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Acrylic on canvas on board
24 x 36 inches
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Born in Wichita, Kansas in 1946, Kerne Erickson came to Los Angeles to attend the Art Center College of Design, on a scholarship from General Motors. However, his interest in automotive design and cold climates quickly faded as he was exposed to the Los Angeles art world and the brilliant California sun. Graduating in 1969 he began working as a freelance commercial illustrator/designer for what was to become a long list of corporate clients. After moving from the Hollywood Hills, with stops in the flatlands of Santa Ana and Costa Mesa, and then the mountains of Julian, in 1976 he finally settled in a hillside community at the southern edge of Mission Viejo where he currently lives and works. For the past 30 years Kerne Erickson has worked as a full-time artist, primarily producing freelance commissioned art and landscape paintings. His home and studio are located in Orange County near the edge of the vast OíNeill cattle ranch, with classic rolling California foothills and the distinct ridgeline of Saddleback Mountain in the background. To the south a few miles is Trestles beach, one of the premier surf spots in California. In this home he and his wife, Suzanne, raised their two children, Daniel and Anna.
Erickson is soft spoken and friendly but prefers to work on his art with no one else around. The music he listens to while working ranges widely from British Isles folk music to innovative jazz. All around his home and studio are gadgets he has invented and constructed, which attest to his cleaver mind, keen wit and good sense of humor. In one room there is a tall wooden device made to scroll huge rolls of canvas. He designed and built this so he could produce long horizontal murals in a relatively small area. The main easel he is using in his studio is built from an auto shop hydraulic jack for lifting engines. This works perfectly for raising, lowering and tilting the large canvases he works on. His heavily planted back yard is watered using a series of hoses and hand-made drip devices, designed in the comical Rube Goldberg tradition.
When it comes to art, Erickson is extremely dedicated to his chosen vocation. He spends time nearly every day of his life producing art. Some days he works in the studio from sketches or photographs; other days he packs up his painting supplies and goes out on location to paint while viewing the subject. Both methods of working are equally important and interesting to him. When research is required for a project, he often goes deep, reading everything he can find on the subject in books, old magazines, vintage brochures and on the Internet. If human figures are to be included in an artwork, he often finds a model and has them pose for sketches.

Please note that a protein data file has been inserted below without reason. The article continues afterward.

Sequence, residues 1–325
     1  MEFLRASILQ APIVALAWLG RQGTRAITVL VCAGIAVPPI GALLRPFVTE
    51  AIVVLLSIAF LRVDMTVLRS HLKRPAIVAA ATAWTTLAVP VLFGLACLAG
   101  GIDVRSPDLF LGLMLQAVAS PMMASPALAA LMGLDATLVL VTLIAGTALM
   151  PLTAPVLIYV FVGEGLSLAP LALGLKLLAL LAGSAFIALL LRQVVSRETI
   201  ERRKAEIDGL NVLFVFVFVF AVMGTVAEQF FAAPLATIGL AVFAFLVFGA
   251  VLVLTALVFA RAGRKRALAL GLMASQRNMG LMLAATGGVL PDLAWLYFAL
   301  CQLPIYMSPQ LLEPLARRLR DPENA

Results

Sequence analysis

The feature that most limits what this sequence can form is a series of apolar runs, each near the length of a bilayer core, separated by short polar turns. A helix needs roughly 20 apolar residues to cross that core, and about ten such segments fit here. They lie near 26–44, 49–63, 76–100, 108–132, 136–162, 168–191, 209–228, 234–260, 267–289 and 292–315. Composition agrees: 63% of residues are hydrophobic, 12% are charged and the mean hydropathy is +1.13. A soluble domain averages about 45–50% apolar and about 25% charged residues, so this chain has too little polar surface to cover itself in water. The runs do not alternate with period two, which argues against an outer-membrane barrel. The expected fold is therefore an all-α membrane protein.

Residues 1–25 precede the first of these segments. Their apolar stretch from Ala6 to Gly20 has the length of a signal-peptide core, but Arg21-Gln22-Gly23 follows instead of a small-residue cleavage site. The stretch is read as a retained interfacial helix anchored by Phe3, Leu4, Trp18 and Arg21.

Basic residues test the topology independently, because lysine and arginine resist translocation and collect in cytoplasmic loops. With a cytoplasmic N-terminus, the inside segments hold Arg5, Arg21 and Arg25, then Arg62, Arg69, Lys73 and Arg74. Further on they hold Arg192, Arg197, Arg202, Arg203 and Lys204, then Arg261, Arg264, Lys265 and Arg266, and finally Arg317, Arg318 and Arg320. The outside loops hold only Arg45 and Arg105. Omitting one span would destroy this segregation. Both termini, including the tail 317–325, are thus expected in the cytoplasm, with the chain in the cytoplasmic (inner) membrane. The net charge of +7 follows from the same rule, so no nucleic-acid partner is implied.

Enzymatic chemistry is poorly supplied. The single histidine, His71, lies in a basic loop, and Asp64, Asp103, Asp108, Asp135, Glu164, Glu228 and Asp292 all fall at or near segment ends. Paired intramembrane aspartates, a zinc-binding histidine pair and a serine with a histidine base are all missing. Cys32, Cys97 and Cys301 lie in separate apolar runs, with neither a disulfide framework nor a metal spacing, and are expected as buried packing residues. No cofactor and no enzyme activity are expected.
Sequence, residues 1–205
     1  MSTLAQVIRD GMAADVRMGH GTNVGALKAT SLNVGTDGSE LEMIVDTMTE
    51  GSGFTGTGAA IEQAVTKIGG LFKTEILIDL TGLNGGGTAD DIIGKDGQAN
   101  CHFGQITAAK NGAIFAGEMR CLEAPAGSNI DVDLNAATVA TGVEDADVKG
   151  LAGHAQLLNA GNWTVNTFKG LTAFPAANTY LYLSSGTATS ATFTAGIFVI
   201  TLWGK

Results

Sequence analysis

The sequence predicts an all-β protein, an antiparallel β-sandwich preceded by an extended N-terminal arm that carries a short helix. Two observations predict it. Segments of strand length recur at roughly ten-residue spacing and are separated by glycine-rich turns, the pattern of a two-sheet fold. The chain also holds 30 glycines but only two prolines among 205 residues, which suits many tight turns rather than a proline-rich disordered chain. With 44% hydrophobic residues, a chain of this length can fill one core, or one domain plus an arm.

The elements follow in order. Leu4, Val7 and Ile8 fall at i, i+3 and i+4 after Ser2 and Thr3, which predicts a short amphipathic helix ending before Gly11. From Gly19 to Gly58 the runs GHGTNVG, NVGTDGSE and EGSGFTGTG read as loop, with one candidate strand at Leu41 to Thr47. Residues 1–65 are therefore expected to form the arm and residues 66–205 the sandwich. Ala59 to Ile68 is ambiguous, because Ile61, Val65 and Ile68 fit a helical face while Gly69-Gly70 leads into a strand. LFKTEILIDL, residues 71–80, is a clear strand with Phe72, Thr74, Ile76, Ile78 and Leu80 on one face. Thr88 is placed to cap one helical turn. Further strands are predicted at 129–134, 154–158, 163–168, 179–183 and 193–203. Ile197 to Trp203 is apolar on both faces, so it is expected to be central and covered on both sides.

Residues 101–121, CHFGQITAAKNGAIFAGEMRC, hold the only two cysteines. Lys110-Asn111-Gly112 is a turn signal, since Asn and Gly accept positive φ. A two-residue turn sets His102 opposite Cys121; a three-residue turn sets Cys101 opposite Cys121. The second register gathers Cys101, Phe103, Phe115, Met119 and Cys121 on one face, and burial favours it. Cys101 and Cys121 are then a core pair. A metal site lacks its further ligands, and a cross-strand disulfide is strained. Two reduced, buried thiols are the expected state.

Through the years Erickson has successfully employed many different types of art supplies. He currently uses a variety of traditional paintbrushes, but he is also known as an outstanding airbrush artist and on occasion uses that method to paint in large areas of transitional color. In addition he has produced some remarkable works of art using color pencils. His main painting mediums include oil paints, transparent watercolors, and acrylics. While he has found all of them useful from time to time, he has most consistently attained the results he desires from using acrylic paint on canvas or board.
He was introduced to acrylic paint in the 1960s while studying at the Art Center School in Pasadena, California. Erickson immediately liked the fact that they dried very quickly and cleaned up with water, not harsh chemicals. He also found that they allowed him to constantly touch and feel the surface he was working on. This added tactile sensation to the painting process and made for much less chance of rubbing, smudging, or smearing damp paint. In addition he found that acrylics provided him the freedom to modify, backtrack, or completely change his artistic direction at almost any point in the painting process.
In a day when sterile, flat, computer-generated art has become the norm, itís refreshing to see an artist like Kerne Erickson who can work his way from a well composed pencil drawing, through transparent layers of under painting, building depth and tonality until finally he adds the finishing touches that bring the work of art into focus. His work is a perfect blend of traditional technique and modern painting mediums.
Ericksonís art has been exhibited throughout the United States and also in Germany, England, Japan and Brazil. His easel paintings have been featured in American Artist Magazine and in major surf-related publications throughout the world. His landscape paintings have been accepted in many juried art exhibitions including those organized by the National Oil and Acrylic Paintersí Society, Art for the Parks, and the California Art Club. In addition he has received top awards from Watercolor U.S.A., one of Americas premier annual watercolor exhibitions.
George Stern Fine Arts will present an exhibition of Kerne Erickson's original artwork in November 2017. In conjunction with the new series, Greg Young Publishing is developing a book on the artist. The exhibition will travel from George Stern Fine Arts to Santa Barbara, Carmel, and Napa Valley.
Hughes, Edan M. Artists In California 1786-1940. 3rd ed. Vol. 1. Sacramento: Crocker, Art Museum, 2002. N. pag. 2 vols. Print.